We work hard for our money. That's why when we choose to invest our excess we want it working just as hard, if not harder, on our behalf. The sad reality is not all companies and the management teams that we entrust with our hard-earned money have our best interests in mind. Because of this we need to dig deeper to find the companies and management teams that are truly effective in earning a strong return on our behalf.
This goes deeper than the dividend, which most investors see as a tangible return. That's why we won't even look at the dividend yield of Royal Dutch Shell plc (NYSE:RDS-A)(NYSE:RDS-B) in our consideration, even though it's a full point higher than ConocoPhillips' (NYSE:COP). Instead, we're going to take a deeper look at return on equity, or ROE, as an indicator of how well a company is earning money for its investors. However, we're going to do so with a twist by using what's known as the DuPont model.
Laying the groundwork
Before we go too far we need to know what ROE is, why it matters, and what its limitations are. Basically, ROE is how well a company does at reinvesting its income to generate earnings growth. It's equal to net income before stock dividends divided by total shareholder equity. At its core, this is the return a company is earning for every dollar investors have entrusted with its management to grow.
So, let's see how our two big oil giants are doing in creating wealth for their investors:
As the above comparison shows, ConocoPhillips is beating the stuffing out of Royal Dutch Shell, as its ROE is 17.33% while Shell's is just 8.98%. However, those numbers only tell part of the story.
To get the full story we'll use a five-step DuPont model, which breaks down the ROE into its five factors.
What we will be looking for are areas that could skew ConocoPhillips' ROE higher or have a negative impact on Royal Dutch Shell's ratio. Here's the comparison of the two oil giants:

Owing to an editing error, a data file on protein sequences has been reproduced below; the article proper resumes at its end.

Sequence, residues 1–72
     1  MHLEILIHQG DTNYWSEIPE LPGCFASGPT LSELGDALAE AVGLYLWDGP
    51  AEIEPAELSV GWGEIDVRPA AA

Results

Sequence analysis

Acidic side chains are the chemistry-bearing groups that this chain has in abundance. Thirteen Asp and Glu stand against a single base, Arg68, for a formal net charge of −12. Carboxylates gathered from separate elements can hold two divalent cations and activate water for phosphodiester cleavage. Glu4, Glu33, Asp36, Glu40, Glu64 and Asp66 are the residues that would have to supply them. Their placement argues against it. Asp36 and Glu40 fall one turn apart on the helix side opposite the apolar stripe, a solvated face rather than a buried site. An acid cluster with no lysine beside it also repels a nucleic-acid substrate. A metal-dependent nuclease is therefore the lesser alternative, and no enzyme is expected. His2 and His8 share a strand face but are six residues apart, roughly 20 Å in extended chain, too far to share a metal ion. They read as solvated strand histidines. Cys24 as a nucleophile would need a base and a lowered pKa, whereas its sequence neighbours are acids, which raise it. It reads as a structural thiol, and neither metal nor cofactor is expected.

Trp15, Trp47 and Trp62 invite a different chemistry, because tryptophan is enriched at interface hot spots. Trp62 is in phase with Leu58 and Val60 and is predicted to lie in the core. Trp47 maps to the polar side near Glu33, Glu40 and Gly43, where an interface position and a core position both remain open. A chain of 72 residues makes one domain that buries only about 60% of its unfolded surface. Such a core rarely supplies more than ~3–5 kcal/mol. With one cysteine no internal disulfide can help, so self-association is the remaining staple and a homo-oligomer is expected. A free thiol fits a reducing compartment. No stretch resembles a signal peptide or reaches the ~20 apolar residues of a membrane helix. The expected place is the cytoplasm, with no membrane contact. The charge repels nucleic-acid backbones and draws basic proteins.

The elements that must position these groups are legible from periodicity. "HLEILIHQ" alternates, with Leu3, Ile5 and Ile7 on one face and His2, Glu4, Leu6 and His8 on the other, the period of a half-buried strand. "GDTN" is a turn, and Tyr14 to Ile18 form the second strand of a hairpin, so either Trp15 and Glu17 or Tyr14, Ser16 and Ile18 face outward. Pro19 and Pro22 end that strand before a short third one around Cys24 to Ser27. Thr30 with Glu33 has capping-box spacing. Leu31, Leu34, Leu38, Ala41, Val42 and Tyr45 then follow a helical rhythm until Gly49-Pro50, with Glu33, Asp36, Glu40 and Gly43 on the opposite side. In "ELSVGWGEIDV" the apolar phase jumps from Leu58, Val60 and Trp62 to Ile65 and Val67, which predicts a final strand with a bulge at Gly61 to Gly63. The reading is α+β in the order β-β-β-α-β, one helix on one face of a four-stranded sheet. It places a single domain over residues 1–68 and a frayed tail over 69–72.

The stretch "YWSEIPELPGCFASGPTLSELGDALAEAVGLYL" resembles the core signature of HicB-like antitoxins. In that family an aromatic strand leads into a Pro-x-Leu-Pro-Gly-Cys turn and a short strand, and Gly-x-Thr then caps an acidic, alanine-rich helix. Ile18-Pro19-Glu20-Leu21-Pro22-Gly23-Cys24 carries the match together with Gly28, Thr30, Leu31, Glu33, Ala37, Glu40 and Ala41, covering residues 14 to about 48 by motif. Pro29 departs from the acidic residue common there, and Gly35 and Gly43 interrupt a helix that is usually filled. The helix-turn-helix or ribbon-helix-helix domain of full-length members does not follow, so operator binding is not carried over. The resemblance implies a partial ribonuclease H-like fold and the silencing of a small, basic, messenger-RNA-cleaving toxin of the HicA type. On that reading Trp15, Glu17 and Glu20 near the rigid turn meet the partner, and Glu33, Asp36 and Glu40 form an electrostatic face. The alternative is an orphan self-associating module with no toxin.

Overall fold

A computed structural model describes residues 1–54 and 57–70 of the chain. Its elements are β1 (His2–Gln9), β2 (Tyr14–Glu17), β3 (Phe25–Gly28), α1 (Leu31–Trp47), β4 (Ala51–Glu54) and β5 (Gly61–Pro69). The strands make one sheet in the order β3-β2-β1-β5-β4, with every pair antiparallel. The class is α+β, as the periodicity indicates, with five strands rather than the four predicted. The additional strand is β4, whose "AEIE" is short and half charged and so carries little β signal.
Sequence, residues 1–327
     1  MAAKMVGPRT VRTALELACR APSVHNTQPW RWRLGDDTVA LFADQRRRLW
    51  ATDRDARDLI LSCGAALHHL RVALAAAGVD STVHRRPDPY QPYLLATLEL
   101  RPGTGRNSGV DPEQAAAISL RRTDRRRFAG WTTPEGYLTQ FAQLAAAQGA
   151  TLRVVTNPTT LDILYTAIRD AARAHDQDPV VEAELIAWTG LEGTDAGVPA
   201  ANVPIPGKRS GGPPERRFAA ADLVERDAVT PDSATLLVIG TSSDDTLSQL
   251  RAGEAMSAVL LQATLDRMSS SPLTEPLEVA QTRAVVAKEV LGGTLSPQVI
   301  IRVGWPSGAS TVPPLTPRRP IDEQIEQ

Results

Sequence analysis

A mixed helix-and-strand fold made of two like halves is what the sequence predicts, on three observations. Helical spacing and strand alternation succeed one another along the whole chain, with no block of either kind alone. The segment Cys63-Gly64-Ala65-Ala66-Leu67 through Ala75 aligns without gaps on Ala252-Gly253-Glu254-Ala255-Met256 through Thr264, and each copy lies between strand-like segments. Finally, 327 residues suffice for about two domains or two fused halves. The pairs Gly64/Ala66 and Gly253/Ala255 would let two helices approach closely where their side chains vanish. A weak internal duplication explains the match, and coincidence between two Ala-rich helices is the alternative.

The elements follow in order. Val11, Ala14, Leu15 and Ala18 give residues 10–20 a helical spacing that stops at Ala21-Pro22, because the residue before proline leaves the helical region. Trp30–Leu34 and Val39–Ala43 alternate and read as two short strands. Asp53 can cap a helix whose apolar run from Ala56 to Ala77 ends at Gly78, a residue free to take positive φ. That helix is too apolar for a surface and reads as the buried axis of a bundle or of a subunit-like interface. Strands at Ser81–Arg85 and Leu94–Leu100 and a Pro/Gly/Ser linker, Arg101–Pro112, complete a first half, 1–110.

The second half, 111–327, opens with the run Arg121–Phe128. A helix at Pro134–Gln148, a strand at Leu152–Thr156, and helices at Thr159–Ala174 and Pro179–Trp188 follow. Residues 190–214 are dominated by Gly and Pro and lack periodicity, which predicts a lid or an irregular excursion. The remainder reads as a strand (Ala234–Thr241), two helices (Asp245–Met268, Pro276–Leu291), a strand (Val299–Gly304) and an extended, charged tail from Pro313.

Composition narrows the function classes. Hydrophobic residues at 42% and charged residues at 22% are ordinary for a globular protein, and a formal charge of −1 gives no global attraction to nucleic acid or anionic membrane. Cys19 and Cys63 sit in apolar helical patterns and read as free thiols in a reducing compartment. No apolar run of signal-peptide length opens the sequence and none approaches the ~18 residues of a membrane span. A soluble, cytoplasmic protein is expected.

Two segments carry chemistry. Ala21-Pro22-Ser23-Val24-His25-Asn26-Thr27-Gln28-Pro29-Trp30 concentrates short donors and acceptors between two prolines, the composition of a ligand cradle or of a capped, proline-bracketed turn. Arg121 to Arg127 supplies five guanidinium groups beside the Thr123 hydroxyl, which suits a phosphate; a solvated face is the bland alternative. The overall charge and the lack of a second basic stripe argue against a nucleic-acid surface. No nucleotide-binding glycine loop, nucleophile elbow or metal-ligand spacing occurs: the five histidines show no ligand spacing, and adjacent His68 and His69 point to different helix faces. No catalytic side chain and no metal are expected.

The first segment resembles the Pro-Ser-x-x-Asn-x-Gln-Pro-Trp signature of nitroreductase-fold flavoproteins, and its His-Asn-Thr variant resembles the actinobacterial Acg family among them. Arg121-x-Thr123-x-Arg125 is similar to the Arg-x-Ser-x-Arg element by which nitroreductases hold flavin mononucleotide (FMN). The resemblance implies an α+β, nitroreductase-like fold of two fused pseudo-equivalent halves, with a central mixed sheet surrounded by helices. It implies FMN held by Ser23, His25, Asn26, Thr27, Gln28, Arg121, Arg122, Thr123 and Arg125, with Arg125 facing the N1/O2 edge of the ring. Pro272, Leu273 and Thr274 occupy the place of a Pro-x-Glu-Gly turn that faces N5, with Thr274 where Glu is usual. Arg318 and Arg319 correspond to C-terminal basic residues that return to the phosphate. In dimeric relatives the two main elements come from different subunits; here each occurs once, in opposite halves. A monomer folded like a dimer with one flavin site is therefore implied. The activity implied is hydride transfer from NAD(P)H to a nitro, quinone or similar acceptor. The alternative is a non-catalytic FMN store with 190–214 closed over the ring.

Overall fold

In this head-to-head competition of big oil giants, we see ConocoPhillips coming out with much better pre-interest, pre-tax margins as well as having better tax efficiency. Meanwhile, Royal Dutch Shell has a better asset turnover ratio, a higher equity multiplier, and a better interest burden. So, let's take a closer look at what these numbers imply.
What does this tell us?
At first glance the numbers might imply that Shell is doing a better job than it would appear; however, there is one thing we need to consider. While both companies are among the largest oil companies in the world, they are not necessarily equal peers. ConocoPhillips is an independent oil and gas company, while Royal Dutch Shell is an integrated oil and gas company. The key difference between the two is that while both companies are involved in upstream oil and gas production (the wells in the ground) Royal Dutch Shell's operations span further as its operations also include midstream (pipelines and processing plants) and downstream (refineries, gas stations, petrochemical plants). ConocoPhillips shed its midstream and downstream assets a few years ago when it spun off Phillips 66 (NYSE:PSX), and it did so because the margins, especially in refining, were dragging its overall returns.
Because it's no longer integrated, ConocoPhillips' margins are much higher than Royal Dutch Shell. Further, the company is purposefully focusing its investments in oil and gas wells that will push its margins even higher in the future. Its goal is to grow both its production and margins by 3%-5% per year, which will grow its cash flow by 6%-10% per year.
One top of that, sales at refineries tend to be enormous, but margins are low. For example, Phillips 66's sales last year were $171 billion while its EBIT was $5.8 billion. Meanwhile, ConocoPhillips' sales were $56 billion, while its EBIT was $15 billion. This is one reason why Royal Dutch Shell's asset turnover is so much higher, but its margins are not as wide.
Bottom line, this deeper look at the numbers confirms that ConocoPhillips is truly earning its investors a higher return, as Shell's return is at least partially depressed by its integrated business model. We can directly credit this higher return to ConocoPhillips' management team's decision to shed its lower margin assets. The decision was the right one as the company is now earning its investors a better return today thanks to steady oil prices. However, that might not always be the case as refining assets tend to act as a natural hedge against falling oil prices. So, what's working today might not always work, but for now ConocoPhillips comes out on top.
Matt DiLallo owns shares of ConocoPhillips and Phillips 66. The Motley Fool has no position in any of the stocks mentioned. Try any of our Foolish newsletter services free for 30 days. We Fools may not all hold the same opinions, but we all believe that considering a diverse range of insights makes us better investors. The Motley Fool has a disclosure policy.